Sue Wilson Writes: ‘An act of self-harm’: What my Spanish neighbours think of Brexit

Sue Wilson Writes: ‘An act of self-harm’: What my Spanish neighbours think of Brexit

When it does arise in conversation with Spanish friends, colleagues or neighbours, reactions range from incredulous to sad, bemused to offended.

Initially, my Spanish friends reacted to the 2016 referendum result with shock and disbelief. They couldn’t understand how millions of British citizens could vote to leave a union of neighbouring countries that they, personally, value so highly. They felt that we Brits had committed a hugely self-destructive act, and for no tangible reason. No argument from me!

At the time, many Brits living in Spain, me included, had scant knowledge about the EU and its role in our lives. Many of us simply took the rights and benefits afforded by EU membership for granted. We were happy to enjoy our daily existence in Spain, oblivious to the political goings-on in the UK – events in Westminster would have little effect on our lives in our adopted homeland, or so we thought. How wrong could we be?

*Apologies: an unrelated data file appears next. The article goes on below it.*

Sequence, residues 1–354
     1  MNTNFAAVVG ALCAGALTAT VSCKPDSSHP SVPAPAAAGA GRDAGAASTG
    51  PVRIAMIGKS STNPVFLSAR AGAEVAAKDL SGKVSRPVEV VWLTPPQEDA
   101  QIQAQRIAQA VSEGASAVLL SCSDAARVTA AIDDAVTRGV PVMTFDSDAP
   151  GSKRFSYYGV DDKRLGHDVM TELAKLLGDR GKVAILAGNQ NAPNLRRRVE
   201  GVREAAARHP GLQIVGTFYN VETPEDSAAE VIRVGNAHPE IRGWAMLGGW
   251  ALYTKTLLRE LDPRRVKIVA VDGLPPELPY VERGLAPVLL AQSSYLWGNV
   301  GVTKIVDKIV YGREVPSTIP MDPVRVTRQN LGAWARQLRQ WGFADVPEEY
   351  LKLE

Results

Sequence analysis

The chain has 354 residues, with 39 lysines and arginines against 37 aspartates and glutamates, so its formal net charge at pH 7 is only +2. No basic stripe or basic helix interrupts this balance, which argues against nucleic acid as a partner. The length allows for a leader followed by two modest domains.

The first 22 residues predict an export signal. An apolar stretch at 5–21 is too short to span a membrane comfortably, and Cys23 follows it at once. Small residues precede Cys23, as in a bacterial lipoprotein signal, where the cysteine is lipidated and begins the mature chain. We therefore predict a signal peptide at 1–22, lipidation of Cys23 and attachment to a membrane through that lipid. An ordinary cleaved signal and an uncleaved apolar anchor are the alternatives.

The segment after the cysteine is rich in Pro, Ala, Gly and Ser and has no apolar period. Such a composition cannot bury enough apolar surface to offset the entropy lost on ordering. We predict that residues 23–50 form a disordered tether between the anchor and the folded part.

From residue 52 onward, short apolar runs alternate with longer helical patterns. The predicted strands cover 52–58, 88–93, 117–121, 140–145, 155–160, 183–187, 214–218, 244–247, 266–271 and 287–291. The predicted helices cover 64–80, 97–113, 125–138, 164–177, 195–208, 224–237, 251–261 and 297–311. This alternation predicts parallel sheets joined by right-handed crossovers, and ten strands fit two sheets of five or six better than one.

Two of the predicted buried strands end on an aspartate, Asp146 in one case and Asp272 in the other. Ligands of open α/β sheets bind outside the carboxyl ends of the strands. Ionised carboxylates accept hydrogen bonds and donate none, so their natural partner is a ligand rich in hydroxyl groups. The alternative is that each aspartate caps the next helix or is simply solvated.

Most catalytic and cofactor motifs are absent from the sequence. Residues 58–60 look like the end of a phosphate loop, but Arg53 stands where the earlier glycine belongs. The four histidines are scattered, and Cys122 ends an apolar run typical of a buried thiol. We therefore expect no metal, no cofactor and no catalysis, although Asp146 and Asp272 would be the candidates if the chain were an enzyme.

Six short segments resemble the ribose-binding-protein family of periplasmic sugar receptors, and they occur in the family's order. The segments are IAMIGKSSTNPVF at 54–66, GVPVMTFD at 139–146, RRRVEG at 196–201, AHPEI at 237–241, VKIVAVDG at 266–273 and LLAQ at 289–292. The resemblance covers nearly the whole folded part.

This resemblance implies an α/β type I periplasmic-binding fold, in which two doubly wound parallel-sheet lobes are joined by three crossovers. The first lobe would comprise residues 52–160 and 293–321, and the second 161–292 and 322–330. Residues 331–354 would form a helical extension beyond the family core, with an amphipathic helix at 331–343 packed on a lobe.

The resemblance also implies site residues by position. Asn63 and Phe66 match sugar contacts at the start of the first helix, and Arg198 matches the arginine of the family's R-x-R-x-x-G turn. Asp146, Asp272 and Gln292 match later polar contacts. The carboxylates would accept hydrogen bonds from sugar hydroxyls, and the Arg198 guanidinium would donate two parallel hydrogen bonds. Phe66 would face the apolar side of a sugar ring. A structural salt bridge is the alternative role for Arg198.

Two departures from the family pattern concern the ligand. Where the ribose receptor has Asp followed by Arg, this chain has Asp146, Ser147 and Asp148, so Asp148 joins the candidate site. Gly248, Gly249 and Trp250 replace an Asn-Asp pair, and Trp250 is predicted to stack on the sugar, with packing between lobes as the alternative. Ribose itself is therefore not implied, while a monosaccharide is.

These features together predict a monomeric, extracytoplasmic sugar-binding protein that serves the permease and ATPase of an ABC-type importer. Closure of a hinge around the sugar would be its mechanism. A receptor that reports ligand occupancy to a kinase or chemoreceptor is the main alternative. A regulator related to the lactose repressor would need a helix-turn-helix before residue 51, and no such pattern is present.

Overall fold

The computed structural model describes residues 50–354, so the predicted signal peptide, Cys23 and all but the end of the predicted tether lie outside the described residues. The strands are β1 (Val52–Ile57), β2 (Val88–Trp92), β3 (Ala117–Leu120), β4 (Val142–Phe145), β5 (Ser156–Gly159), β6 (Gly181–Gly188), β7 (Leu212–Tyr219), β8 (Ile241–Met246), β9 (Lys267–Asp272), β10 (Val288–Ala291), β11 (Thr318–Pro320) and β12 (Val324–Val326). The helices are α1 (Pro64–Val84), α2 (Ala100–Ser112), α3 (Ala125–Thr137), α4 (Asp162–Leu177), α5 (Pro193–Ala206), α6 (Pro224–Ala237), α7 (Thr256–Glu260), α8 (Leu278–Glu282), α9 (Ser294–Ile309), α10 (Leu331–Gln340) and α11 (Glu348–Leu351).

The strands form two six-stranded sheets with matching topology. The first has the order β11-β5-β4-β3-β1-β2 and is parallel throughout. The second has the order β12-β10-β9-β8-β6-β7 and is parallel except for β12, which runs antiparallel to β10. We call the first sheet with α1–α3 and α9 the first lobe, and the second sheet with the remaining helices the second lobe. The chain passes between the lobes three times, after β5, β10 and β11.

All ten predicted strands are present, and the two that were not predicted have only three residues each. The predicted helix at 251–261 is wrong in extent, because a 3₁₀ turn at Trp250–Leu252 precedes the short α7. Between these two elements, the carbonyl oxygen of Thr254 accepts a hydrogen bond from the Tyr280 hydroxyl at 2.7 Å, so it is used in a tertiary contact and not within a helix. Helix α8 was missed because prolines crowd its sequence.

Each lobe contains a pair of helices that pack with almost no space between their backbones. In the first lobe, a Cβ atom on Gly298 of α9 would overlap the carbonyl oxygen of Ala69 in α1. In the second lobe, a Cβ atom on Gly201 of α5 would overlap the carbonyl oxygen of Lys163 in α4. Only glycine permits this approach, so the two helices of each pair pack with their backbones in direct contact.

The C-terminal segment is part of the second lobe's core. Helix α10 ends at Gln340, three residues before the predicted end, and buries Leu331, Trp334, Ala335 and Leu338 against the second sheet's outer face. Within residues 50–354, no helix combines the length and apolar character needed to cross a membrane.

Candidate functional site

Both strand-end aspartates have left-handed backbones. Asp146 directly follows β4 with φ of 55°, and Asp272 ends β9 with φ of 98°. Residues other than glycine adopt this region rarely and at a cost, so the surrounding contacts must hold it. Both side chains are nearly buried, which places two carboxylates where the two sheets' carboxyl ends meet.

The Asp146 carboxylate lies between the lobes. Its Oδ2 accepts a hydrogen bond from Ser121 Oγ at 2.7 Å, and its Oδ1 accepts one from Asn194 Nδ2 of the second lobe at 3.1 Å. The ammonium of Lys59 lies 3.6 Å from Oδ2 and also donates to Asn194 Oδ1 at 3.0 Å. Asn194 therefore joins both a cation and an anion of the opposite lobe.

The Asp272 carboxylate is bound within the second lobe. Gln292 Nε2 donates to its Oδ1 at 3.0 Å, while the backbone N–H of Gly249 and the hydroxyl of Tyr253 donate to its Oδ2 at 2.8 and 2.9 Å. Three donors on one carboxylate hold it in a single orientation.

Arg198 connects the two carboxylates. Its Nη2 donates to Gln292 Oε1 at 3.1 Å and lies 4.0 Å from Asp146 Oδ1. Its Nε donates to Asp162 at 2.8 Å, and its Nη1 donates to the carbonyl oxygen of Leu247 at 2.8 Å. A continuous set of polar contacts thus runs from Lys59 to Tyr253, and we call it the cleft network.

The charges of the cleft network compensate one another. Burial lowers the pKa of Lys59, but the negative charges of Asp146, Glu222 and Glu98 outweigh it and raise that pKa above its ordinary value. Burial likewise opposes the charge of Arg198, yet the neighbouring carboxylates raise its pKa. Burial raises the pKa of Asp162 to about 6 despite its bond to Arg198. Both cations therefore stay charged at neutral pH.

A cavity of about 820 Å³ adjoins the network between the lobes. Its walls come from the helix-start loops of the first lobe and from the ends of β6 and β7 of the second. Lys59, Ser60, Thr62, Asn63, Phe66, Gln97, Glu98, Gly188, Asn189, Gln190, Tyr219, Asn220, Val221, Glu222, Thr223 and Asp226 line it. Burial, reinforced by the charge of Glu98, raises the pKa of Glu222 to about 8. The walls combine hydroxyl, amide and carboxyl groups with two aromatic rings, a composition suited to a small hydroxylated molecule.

When I first started campaigning to stay in the EU, an important element of that task was to communicate information and advice about Brexit as widely as possible. Initially, my communications were aimed at the British community in Spain. I confess that often proved a difficult task with those that voted to leave, despite them having made their homes in Europe.

The biggest hurdle was the fact that so many of them said, and still do, that “nothing will change”. Apparently, the Spanish “need us”, we “support the Spanish economy” and “we’ll get what we want because we’re British”.

The very fact that around a third of British citizens who have made their homes in Spain, actually voted to leave the EU is one fact that the Spanish still cannot fathom – “turkeys voting for Christmas” is an English idiom well-known to our Spanish friends now.